Pins are your friend when trying to keep everything aligned and even.

I can be totally trendy, in a comfortable classic style. Who wouldn’t want that? It’s destined to become a summer basic, and then worn all fall and winter with a jacket or cardigan.

What’s not to love?

The details: here is the link to GreenStyle Creations and the Cami Tank pattern. The blue and mint fabrics are a nylon/spandex athletic rib knit from JoAnn Fabrics. The marble print leggings worn with the blue tank are the Simpatico Leggings, blogpost here. The black shorts worn with the mint tank are the Chelsea Pants, cut at shorts length, posted here. The swim bottoms worn with the mint tank are the Waimea Swim Bottoms, posted here. The teal fabric in the FBA version is nylon/spandex tricot from Phee Fabrics. I also used navy nylon/spandex tricot for the shelf bra in the blue Cami Tank. I really should cut out another one in this fabric, and maybe leave the side seams open from below the shelf bra as a fun hack to the tank pattern, since I kind of like the look! I should also note that GreenStyle carries athletic rib knit and lots of other pretty fabrics. 🙂

The links to GreenStyle are affiliate links, which means that at no extra cost to you, I may receive a small commission if you purchase through my link. As always, I only give my honest opinion. After all, it is my blog, which represents me! Thank you for reading and sharing my love of creating, sewing, patterns, fabric, and making beautiful well-fitting garments! ❤

The GreenStyle Simpatico Leggings

A not so basic “basic”

One of my most worn clothing styles is leggings, which is no surprise. 😉 Between yoga classes and needing “pants” 🙂 for cool days, leggings are a go-to item. When GreenStyle Creations opened up testing, I quickly jumped at the opportunity.

The Simpatico Leggings are literally a basic style with no outside seams or pockets. But don’t let the simplicity fool you. They are perfectly shaped to fit actual bodies. That may sound funny, but we’ve all bought ready-to-wear leggings that are nothing but tapered straight legs that wrinkle behind the knees, feel too tight on your calves, and have waistbands that don’t end up where you want them to.

Excellent drafting skills went into the design of the Simpatico Leggings. The legs are shaped, they fit smoothly over your calves, they don’t wrinkle or sag at the knees, and the waistband is contoured (rather than a simple rectangle) so it fits and doesn’t gap at the back of the waist. And it has petite, standard, and tall options! For anyone that has ever struggled or been nervous about lengthening or shortening leggings, this is super helpful! A beginning sewist can feel confident about sewing beautifully fitting leggings, and a more experienced sewist can quickly whip up a pair when needed.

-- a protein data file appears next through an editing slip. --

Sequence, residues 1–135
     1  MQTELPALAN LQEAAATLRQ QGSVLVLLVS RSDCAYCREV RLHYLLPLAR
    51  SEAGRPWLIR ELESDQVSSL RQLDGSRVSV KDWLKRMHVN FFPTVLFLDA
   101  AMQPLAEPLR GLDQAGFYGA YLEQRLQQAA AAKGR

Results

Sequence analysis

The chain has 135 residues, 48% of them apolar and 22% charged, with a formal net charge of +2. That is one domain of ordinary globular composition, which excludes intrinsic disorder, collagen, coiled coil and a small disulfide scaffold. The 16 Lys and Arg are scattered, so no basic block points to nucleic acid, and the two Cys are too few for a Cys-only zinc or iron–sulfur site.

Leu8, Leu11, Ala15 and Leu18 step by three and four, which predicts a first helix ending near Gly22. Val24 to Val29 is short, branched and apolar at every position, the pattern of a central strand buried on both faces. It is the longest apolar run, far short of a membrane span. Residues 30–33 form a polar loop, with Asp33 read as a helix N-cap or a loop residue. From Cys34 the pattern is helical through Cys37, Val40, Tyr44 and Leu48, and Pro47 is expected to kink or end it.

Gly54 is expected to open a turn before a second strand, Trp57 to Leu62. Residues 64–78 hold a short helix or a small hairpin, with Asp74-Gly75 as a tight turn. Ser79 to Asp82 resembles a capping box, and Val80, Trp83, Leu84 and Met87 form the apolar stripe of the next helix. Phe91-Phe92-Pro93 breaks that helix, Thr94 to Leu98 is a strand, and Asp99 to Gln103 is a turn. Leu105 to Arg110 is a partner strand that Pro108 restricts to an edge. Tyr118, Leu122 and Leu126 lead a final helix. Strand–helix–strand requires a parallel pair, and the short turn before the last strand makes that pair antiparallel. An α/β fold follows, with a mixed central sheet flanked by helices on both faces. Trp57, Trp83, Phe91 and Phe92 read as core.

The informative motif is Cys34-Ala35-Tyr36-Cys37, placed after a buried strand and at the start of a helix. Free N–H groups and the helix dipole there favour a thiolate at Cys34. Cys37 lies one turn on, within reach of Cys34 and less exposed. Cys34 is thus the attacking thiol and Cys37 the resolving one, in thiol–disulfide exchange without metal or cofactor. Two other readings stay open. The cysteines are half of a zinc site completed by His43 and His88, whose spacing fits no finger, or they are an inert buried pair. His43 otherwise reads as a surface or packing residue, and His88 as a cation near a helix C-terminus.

No knee wrinkles, and shaping that fits my calves!

You can also choose between a mid-rise or high-rise waistband, and capri or full length leggings. The high-rise waistband is perfect for comfortable smoothing under tops and tunics. I used powernet in the front half of my waistbands (for extra smoothing power!) and clear elastic along the top waistband seam. Whether I’m just walking around or doing yoga, the waistband stays perfectly in place.

My husband seems to enjoy being my photographer and making me laugh while showing off every aspect of my leggings! 😉

Whether you’re looking for simple leggings or capris to wear to yoga class, or a basic to throw on with a tunic and cardigan for running errands, the Simpatico Leggings are a solid choice.

The simple design is perfect for showing off a pretty print!

The details:

The marble print fabric is a nylon spandex athletic blend from JoAnn Fabric. It’s not as thick as supplex, but feels like a lightweight supplex. While I wouldn’t “go commando” at yoga class in this fabric, I was pleasantly surprised at the quality. The mint green top is the GreenStyle Studio to Street blogged here. I love that even in the deep V back version, I can wear a regular bra with it!

The navy Supplex is from Phee Fabrics. The top is the Waimea Rashguard blogged here.

The links to GreenStyle and the Simpatico Leggings are affiliate links, which means that at no extra cost to you, I may receive a small commission if you purchase through my link. As always, I only give my honest opinion. After all, it is my blog, which represents me! Thank you for reading and sharing my love of creating, sewing, patterns, fabric, and making beautiful well-fitting garments! ❤

Waimea Rashguard & Bottoms And The Stained Glass Effect

Playing with the coverstitch can really elevate and add depth to your garments

Let’s start with the GreenStyle Waimea Rashguard. I never buy or wear raglan sleeve tops because they never seem to fit right. Every time I try on a RTW raglan style, it rides up and chokes me and the sleeves never fit properly. But GreenStyle patterns are so well drafted that I figured I would give it a shot. Wow! Color me impressed! The sleeves are actually shaped to fit your shoulders. Because it fits your shoulders, it doesn’t ride up and cut into your neck.